This was one of the questions that I found more thought provoking than answerable. It’s interesting to think about which motivations can actually get you to act and which motivations just get you to want to act. Motivation is good but a weak motivation can just make you feel bad without actually getting you to do anything!
You talk about different motivation student’s can have a lot. Which motivations do you think works best?
I tend to get motivated by the people around me. From what I read, you don’t think that works as well. I just think having my parent’s push me ensures that I actually do what I need to do because they’ll actually stop me from doing anything else. Sure… it’s not always fun but it gets me to do what I need to do.
Motivation is a tricky subject.
The first thing I’m saying applies to most of what I say. Motivation is one of those areas where it’s particularly important because what looks like external motivation to me might be more internal than I can recognize. Your personal experience is the best judge. All the studies in the world can only hint at your preference. You may do better a different way and there isn’t much I can say about it (other than it’s unusual.)
Experiments have regularly shown that external motivation tends to be weaker than internal motivation. People do well when they want to do well for themselves. People that become the best in the world at sports and intellectual pursuits tend to be motivated most by the fact that doing what they do makes them happy.
They’re not motivated by coaches or teachers or parents. They’re not motivated by becoming the best in the world. They’re not going for the money either. Sure, they might like those consequences but they’re not fundamental to what moves them. They just want to do better for the sake of doing better. The motivation is deeply ingrained in the way they think.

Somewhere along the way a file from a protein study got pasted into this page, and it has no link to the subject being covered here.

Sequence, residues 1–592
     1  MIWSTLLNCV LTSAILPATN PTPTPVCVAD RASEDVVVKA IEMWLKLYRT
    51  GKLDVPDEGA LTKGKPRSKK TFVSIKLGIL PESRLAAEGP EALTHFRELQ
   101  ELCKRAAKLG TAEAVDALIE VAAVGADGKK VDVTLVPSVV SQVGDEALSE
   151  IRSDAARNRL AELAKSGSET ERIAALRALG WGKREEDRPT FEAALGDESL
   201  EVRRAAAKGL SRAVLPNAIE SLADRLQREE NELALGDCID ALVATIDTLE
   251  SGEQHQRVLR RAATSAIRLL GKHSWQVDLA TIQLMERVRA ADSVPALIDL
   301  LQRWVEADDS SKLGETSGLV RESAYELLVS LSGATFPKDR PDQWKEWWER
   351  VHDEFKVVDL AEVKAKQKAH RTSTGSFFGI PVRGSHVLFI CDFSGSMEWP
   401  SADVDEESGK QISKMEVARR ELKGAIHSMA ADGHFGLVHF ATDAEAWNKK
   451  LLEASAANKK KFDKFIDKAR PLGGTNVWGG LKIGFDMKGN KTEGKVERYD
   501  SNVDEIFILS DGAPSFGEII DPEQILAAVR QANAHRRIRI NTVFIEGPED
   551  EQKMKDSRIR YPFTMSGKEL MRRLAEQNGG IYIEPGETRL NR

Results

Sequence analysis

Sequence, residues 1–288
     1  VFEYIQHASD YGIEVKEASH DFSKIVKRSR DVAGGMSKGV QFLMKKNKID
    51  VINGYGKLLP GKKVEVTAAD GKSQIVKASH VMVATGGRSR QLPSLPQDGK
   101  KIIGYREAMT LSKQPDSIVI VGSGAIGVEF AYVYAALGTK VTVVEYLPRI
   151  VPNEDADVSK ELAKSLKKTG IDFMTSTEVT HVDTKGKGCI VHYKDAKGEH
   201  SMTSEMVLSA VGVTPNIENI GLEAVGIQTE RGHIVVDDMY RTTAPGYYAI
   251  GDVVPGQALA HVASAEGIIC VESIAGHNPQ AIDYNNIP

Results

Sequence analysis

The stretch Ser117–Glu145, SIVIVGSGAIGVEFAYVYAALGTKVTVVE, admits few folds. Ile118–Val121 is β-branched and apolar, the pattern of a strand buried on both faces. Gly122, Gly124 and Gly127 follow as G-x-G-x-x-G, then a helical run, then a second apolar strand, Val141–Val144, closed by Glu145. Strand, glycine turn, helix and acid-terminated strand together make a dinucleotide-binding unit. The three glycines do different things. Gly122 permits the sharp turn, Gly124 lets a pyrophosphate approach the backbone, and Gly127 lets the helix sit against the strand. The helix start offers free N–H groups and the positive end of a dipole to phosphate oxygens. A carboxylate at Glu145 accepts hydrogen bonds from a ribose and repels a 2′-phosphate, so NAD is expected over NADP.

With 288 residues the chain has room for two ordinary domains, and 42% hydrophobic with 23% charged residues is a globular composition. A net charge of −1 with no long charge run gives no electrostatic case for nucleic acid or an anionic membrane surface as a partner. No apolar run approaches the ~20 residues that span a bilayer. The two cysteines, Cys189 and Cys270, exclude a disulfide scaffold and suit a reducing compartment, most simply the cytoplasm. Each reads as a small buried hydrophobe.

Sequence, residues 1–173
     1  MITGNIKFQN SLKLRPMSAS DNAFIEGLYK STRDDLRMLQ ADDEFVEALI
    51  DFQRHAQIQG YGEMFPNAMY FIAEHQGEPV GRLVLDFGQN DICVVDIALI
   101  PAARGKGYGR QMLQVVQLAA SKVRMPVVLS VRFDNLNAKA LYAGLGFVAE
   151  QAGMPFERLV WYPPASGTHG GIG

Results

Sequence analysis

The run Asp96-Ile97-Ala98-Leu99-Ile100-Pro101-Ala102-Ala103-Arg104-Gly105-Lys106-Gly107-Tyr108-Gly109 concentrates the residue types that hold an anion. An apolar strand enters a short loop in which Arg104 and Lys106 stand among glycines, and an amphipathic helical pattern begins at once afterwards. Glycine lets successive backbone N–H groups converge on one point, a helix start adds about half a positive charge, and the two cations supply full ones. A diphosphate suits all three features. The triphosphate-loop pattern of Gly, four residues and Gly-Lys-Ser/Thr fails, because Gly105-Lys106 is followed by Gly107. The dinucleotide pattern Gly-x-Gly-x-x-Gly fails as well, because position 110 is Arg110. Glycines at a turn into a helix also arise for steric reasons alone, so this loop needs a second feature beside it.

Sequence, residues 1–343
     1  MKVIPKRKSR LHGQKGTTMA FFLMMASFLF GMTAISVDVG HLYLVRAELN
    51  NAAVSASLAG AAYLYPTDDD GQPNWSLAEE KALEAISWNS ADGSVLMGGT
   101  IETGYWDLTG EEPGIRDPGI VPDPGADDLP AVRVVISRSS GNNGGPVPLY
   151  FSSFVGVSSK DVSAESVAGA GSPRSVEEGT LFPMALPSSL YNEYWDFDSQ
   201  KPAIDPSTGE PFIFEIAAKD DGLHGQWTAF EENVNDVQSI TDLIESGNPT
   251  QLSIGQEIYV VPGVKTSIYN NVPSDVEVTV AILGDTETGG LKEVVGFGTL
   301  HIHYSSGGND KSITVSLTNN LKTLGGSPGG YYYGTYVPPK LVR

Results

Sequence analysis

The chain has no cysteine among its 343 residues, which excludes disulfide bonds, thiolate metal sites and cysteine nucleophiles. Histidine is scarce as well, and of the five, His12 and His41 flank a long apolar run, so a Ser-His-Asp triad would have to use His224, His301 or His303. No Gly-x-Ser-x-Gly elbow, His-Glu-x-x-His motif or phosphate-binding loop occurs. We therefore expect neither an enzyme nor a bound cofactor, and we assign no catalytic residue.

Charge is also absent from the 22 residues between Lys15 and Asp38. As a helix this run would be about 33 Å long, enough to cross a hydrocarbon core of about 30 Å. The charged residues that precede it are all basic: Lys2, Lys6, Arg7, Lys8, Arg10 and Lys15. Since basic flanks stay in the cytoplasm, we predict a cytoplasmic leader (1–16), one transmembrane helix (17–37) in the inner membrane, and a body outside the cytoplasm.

External motivations don’t tend to produce as good of results.
Here is where the subject gets a little muddy though. The difference between an internal motivation and an external motivation is pretty hard to distinguish. A person may just be said to have an internal motivation because the external motivations have become so ingrained in the way they think that they don’t even think about it.
Here’s a thought experiment to show what I mean:
Imagine a person is electrically shocked every time they produce a smile for the first 20 years of their life. Behavioral science suggests that person will learn to not smile. When that person turns 21, they’re not going to suddenly start smiling because the shocks stopped. The motivation to not smile is ingrained in their psychology. They’re dramatically less likely to smile.
After a few decades they might smile occasionally but it will likely to be less often than the usual person. If you asked them why they don’t smile much, odds are, they’ll tell you they just don’t feel like it (unless they happened to be paying attention to the twisted behavioral science experiment they were put through.) Their motivation may be fear of getting shocked but they just can’t distinguish that because it’s so deeply ingrained.
A person who says they’re motivated internally may just be really internally convinced that the external motivations will come with it.
Then, of course, what looks like external motivation to me may be seriously internal to you.
If your parents motivate you to study, they may just be a voice in your ear provoking you to study but it can be deeper. Your desire to please your parents could be deeply ingrained in who you are. That motivation of pleasing your parents could be significantly more ingrained than your motivation to get studying.
So… science suggests the best motivation is internal but if you’ve got something that you’re satisfied with going, don’t fight it. If you ever are looking for a change then this might be one important area you could produce some gains. At a safe time it might be worth trying to focus on something more internal but if it’s working for you, I probably wouldn’t argue with it.
Do you want to know how to study less while scoring higher? That’s what this blog is all about. Read the ebooks in the sidebar, check out the archives, and follow along to get all the details.
Aaron Richardson took his grades from fighting F’s to Easy A’s. In the process, he read over 300 books on personal development. Today he’s founded 2 blogs on studying including Smart Student Secrets. He’s written 3 books on the subject. His work has been featured on some of the biggest news, psychology, and student sites on the internet.
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